At this time, you will ask Apollon for purification, through the release of your anger, resentment, jealousy, desire to control, etc. To symbolize this purification, you will hand write one letter of apology to each individual wronged that day. Take this seriously, and remember that Apollon is watching and listening. This is your physical act of contrition, and you may or may not choose to actually deliver the letters. The important part for now is just to acknowledge that there are things about past interactions that you would like to change.
Next, you will set an affirmation– something attainable, such as “mindfulness toward compassion”, or “an open exploration of empathy”, etc. This will be your guidepost for interactions throughout the subsequent day.
Now, you will praise Apollon, truly and sincerely, in your own way, in your own words. During this praise, you will pour a libation to Him, of wine, finally filling His glass.
In closing, you will express gratitude to Apollon, for His presence and purification, and for His willingness to assist in your transformation.
The ritual is meant to be performed every day for a set amount (your choice) of days, preferably at the same time each day, for best results.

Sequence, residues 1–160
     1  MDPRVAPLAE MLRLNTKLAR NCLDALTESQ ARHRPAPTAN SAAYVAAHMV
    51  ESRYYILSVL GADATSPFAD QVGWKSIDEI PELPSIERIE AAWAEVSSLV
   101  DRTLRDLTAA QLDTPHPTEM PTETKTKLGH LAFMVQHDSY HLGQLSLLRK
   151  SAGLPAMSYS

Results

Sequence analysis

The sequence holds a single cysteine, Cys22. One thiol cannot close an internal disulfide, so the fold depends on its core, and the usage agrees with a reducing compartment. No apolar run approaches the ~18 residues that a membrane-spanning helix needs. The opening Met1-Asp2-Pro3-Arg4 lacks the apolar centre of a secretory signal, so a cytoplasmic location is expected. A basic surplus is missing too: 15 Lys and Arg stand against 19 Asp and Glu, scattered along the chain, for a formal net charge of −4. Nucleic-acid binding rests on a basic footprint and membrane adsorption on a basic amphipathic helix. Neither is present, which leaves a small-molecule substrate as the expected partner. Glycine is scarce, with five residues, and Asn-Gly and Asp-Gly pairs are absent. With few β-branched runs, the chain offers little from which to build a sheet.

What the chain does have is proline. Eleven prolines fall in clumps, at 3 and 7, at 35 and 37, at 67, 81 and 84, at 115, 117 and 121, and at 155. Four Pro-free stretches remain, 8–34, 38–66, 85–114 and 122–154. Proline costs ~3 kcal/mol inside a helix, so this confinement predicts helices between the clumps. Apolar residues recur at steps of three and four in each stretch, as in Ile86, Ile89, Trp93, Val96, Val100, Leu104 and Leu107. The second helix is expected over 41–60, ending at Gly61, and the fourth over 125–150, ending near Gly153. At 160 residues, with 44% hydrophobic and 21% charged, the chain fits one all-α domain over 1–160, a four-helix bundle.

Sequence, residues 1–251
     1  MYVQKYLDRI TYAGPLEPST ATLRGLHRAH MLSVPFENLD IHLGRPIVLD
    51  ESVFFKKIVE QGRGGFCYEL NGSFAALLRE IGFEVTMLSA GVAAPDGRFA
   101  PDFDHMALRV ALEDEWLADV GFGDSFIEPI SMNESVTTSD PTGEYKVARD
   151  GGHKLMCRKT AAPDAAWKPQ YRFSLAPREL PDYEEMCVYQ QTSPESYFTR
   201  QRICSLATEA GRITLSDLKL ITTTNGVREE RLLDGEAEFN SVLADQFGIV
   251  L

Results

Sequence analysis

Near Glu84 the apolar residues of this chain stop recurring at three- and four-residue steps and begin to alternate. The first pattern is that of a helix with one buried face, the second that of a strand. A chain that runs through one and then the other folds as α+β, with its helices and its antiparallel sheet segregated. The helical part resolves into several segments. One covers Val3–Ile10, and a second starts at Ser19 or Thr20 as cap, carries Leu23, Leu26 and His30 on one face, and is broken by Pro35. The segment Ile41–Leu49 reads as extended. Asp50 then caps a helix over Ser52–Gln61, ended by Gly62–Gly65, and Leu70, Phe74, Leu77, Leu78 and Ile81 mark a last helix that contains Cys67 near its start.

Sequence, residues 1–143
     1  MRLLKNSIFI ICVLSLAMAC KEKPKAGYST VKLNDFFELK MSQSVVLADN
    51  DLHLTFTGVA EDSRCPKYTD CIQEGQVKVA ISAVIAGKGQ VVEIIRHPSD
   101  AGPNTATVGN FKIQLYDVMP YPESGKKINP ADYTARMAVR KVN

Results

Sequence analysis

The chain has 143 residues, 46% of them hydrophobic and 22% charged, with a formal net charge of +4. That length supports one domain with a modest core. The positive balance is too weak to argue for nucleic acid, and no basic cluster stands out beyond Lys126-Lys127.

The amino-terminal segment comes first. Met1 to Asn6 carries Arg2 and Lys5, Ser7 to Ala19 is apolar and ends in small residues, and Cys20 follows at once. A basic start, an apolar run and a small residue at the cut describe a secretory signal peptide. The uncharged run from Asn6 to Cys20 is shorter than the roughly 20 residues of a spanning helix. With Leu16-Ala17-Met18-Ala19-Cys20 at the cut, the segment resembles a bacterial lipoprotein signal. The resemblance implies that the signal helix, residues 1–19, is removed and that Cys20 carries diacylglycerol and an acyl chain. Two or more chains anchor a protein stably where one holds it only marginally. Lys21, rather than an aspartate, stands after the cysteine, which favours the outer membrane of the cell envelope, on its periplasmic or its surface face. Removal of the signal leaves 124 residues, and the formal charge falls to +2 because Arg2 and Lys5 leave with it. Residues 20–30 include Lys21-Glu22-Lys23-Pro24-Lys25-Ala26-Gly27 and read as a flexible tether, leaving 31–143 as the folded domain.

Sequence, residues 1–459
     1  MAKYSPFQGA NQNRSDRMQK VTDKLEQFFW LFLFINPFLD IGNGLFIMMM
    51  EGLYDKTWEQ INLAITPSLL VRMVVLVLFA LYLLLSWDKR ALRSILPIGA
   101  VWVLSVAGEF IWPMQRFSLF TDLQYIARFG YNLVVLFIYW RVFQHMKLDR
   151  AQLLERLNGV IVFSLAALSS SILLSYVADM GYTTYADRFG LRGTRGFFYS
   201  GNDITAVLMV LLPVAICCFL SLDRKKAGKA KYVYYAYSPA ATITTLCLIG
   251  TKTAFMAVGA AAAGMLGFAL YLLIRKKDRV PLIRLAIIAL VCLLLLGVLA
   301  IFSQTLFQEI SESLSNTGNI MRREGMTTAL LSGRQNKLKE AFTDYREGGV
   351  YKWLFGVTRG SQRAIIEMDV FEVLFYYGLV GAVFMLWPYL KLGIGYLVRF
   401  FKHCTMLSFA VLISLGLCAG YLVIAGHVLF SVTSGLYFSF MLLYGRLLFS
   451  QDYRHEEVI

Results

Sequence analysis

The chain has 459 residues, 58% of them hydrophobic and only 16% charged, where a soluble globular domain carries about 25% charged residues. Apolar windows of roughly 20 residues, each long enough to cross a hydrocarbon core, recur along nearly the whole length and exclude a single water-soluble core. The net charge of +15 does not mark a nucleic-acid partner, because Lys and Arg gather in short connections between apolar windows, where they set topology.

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Choose a veil that helps to convey the epithets, aspects or manifestations of Apollon that you wish to be associated with the veil. Its size, shape, colors and patterns should be selected to enhance your connection to Apollon, as well as to the specific intent and goal of prayer/workings while wearing the veil.
Next, select an appropriate anointing oil, the scent of which should evoke the feeling of your love and adoration toward Apollon.
This ritual is to be done in the nude, freshly bathed, and requires access to unobstructed sunlight, via an open window or door (or outside if you are willing/able). Dawn, or shortly after dawn is the best time for this ritual.
Begin by preparing khernips, and purifying the space and yourself.
Process toward/into the unobstructed sunlight with lit incense, and gain Apollon’s attention by propitiating Him through epithets which correspond to the intent of the ritual, along with something else tangible to please Him, such as a semi-precious stone that you associate with Him or His domain. A sweet offering like cake, or a libation of sweet red wine would also be appropriate, but are not entirely necessary.
Present the tangible gift while it is wrapped in the veil you have selected. Say: “O Lord of the apotropiac rituals, I present to You this (name of gift) that You might be inclined to direct your favor upon me! O Lord, be pleased by this gesture! I honor You, my Lord Apollon!”